• yes, faith w/o works is dead. james is saying that faith is believing and acting like you believe.
        so, why do believers act like they aren’t? i think the problem is that a lot of them only know half of the good news – that Jesus died for our sins and saved us from going to hell… but they haven’t heard that we have also been made the righteousness of God by being placed IN Christ – that as He is, so are we in this world! the good news of grace is the power of God for salvation to everyone who believes the good news (rom 1:16) right believing leads to right living – when we believe that we are made righteous in Christ, the result is that we live righteously.

      • hey don – maybe this series will help?
        https://escapetoreality.org/2010/09/14/what-about-james/

  9. Hi,

    Is it possible that based on what you’ve said here, “Cold” can be people under Grace, and “Hot” can be people trying to achieve righteousness through Law. So Jesus says you can be Cold / under grace or hot/ achieve the law 100%. But knowing what we all know, that nobody can adhere to the standards of the law, it makes you lukewarm.. possible?

  10. Paul, I thank God for the way He has equipped you to answer graciously and wisely those who are still in the grace plus works viewpoint..it’s an impossible situation for them to be at rest in …I’ve been there and know it’s an appalling place to be in. The “what if I’m not hot enough”…”what if I haven’t done this or that ” places a burden on us that Christ came to free us from. Romans 8v1 says “NOW” there is no condemnation..no adjudging guilty or wrong for those who are in Christ Jesus…who live and walk not after the flesh (that whole way of thinking and being apart from the Spirit of God)…but after the dictates of the Spirit. and the mind of the Spirit is life and peace (both now and forever)..The Spirit of God within us will produce the good works

  11. “Jesus does not vomit out body parts”
    Quote of the week!

  12. Really good thanks Paul.

  13. I think it’s important to remember that this was a real church in a real city that once existed. The letter was written to them, not to us, (although we can obviously learn from it – like we can with Galatians or Ephesians, although we need to know the original context to understand what is being spoken about). Laodicea was situated between two other cities which were tourist attractions – one had hot sulphur springs, renowned for their healing properties; the other was known for their ice cold glacier rivers which had (has) restaurants etc built around, so that hot weary travellers could find food, refreshing and cool rest. Both of those cities were known for their hospitality. Laodicea wasn’t – and the letter is saying that the church was manifesting the same spirit as the city it was in – it had closed doors, was not hospitable, was not offering healing waters or refreshing streams (spiritually) – it would have been better to be one or the other – hot or cold – both types of water are needed. So, unlike it’s often preached, its not about being “on fire” for God versus being spiritually dead.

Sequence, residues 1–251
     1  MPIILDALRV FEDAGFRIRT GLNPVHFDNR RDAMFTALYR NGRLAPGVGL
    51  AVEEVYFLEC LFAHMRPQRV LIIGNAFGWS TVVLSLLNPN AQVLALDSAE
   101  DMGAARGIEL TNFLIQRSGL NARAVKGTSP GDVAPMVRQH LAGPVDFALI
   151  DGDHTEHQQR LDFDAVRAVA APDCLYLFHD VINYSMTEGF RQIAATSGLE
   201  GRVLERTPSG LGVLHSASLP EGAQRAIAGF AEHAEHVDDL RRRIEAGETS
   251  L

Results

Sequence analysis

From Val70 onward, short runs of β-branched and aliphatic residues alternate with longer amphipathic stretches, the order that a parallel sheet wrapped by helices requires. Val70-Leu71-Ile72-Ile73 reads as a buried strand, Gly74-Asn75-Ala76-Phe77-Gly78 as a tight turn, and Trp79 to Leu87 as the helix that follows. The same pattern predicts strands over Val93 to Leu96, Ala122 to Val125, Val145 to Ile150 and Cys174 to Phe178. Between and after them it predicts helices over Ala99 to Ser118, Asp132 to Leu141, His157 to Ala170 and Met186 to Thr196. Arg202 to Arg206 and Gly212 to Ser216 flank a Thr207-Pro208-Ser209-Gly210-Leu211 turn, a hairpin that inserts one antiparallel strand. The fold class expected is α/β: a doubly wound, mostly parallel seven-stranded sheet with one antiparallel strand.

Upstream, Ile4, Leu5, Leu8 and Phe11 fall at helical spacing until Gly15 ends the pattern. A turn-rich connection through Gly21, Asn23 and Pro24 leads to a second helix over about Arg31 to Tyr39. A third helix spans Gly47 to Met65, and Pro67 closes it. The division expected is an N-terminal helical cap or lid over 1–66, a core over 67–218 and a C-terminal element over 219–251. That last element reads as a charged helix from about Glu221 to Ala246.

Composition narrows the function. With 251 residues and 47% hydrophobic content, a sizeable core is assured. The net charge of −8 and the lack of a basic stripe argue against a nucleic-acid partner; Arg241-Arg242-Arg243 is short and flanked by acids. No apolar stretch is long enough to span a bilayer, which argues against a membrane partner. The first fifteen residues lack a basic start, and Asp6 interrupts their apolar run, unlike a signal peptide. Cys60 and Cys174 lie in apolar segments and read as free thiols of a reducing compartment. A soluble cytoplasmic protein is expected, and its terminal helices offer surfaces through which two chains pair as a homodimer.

14. This is really good, but I don’t like how he uses The Message bible as a translation – it’s not

  15. underhiswings // February 7, 2015 at 7:40 pm // Reply

    i would rather have you cold meaning not doing anything for christ but at least your saved and have excepted him…or hot or on fire but because you are lukewarm..your are neither because you think you have everything.(.increased with Goods) you figure what do i need God for..they were self righteous and never excepted the son they will be spued out..meaning rejected because they are naked and have no covering for their sins..he is knocking at their door trying to get in …they are not saved!!!God will never reject his son..

  16. Thank you for sharing your thoughts, I think the answer is in verse 20 where Jesus says that he is at the door meaning that Jesus was no longer IN that Church, in fact, He told them to buy white garments so these people were not living by faith or by grace or by love or by trusting and resting in Jesus’ sacrifice that is why Jesus told them to open the door . . . God bless you!